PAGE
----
Design + Math

Designers don’t want to admit it, but math is important to the profession.


My first class in graduate school was a quantitive research class and I really enjoyed the statistics side of things. As I’ve told my designer friends this, they typically respond with something along the lines of “Ugh. I became a designer so I wouldn’t have to do math.” I’m not surprised. I’ve heard the same from designers and students over the years, but I’m increasingly irritated by it for a few reasons:

Designers use math every day. I’m not sure where the myth that designers don’t need to understand math comes from, but it’s not true. I use math pretty much every day in my work. Especially geometry and algebra. Understanding foundational mathematical concepts makes you a better designer.

It steers talent away from the field. Let’s say you’ve got a talented high school kid, who also happens to be good at — or maybe even like — math. Tell them enough times that math isn’t important for designers and they’ll find a different career path. As an honors student, I was told repeatedly through school by well-meaning adults that I didn’t want to take art classes because they weren’t rigorous enough. As a result, I initially looked at options like architecture and engineering. It took me a while to circle around to design.

It undermines the profession. The reality is that designers struggle to be taken seriously by big business. We’ve fought to get a “seat at the table” and prove our value beyond just crafting the look and feel of something. As much as we don’t like it, the “language” of business is often based in math. Ignoring the importance of math simply makes it harder to communicate with business decision makers.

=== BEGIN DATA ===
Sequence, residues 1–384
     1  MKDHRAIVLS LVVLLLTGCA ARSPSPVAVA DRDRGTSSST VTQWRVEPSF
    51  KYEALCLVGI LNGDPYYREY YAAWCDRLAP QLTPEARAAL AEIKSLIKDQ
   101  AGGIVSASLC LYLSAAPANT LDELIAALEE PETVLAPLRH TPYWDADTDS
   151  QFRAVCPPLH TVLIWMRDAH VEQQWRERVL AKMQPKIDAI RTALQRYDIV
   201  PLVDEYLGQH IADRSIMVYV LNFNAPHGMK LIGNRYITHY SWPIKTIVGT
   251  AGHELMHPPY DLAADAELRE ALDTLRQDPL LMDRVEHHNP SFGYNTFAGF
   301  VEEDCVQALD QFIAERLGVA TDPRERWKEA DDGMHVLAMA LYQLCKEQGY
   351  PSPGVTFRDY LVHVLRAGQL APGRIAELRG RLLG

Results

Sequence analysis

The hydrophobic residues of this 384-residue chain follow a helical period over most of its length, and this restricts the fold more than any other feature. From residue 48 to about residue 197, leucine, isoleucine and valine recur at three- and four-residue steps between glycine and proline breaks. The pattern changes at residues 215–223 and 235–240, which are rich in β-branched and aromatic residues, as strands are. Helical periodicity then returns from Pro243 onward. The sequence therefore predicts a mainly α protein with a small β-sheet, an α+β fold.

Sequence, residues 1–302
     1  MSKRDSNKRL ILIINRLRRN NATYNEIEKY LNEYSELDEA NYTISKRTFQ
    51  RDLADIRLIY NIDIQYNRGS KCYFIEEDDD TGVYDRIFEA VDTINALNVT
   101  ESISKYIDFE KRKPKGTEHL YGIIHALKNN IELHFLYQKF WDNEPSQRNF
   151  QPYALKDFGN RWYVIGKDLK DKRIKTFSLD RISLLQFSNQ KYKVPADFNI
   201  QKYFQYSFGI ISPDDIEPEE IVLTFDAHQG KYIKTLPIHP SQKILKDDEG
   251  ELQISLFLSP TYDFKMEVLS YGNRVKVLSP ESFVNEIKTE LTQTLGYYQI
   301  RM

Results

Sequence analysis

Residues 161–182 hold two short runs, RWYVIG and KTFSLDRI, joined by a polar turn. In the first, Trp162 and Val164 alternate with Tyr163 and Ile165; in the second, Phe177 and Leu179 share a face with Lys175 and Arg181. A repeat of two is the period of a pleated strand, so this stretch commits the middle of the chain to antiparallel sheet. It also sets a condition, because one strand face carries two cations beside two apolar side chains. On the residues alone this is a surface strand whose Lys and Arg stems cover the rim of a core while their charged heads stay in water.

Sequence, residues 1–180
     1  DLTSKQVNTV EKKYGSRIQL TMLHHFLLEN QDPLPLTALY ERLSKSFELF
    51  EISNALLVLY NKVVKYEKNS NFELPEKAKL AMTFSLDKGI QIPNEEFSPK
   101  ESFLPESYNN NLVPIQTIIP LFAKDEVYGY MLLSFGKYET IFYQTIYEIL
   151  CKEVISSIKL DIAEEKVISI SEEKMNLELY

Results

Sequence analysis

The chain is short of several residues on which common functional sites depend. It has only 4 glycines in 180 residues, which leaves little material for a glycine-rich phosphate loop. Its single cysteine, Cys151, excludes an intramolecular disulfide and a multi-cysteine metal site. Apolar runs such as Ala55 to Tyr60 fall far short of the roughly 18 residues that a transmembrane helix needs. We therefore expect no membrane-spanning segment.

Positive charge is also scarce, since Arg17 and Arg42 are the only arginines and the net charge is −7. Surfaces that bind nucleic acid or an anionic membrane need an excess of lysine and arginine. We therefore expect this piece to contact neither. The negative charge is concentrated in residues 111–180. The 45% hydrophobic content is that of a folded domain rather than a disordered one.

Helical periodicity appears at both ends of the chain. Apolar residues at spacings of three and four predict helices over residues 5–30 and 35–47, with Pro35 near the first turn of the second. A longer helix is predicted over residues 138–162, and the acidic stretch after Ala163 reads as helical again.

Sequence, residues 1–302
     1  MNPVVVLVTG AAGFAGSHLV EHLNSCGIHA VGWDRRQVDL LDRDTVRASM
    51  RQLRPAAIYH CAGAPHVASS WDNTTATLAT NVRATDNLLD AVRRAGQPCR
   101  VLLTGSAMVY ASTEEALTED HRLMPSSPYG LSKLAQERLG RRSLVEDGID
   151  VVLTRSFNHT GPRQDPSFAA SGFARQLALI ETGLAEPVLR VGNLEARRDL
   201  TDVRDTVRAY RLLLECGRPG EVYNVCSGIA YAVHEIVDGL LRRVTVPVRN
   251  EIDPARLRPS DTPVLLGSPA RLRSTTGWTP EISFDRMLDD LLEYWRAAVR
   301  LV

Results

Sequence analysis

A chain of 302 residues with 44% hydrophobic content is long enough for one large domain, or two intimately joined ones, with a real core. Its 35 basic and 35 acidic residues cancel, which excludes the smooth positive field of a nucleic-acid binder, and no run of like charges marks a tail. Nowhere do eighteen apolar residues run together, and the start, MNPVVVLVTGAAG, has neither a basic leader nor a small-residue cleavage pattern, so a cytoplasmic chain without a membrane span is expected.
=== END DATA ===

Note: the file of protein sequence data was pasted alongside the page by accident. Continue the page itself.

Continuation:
I think the challenge is separating our feelings about “math class” from our feelings about “math.” I didn’t enjoy most of my high school math classes. My algebra and geometry teachers weren’t my favorites. Because I scored a high enough score on my AP Calculus test, I was able to exempt all of my college math requirements, so I haven’t taken a math class in almost 25 years. What I’ve come to realize is that while I disliked the way I was taught math, math itself is pretty amazing. And useful.

Don’t misunderstand me… I’m not expecting designers to line up and take refresher math classes. AIGA chapters aren’t going to start holding day-long math workshops. All I’m saying is that embracing the idea that math is an integral part of design only helps the profession as a whole.

Bob Wertz writes about design, technology and pop culture at Sketchbook B. Bob is a Columbia, South Carolina-based designer, creative director, grad student, college instructor, husband and dad. He’s particularly obsessed with typography, the creative process and the tools we use to create. He recently finished a project to design a new shirt a week for an entire year. Follow Bob on Instagram and Micro.Blog.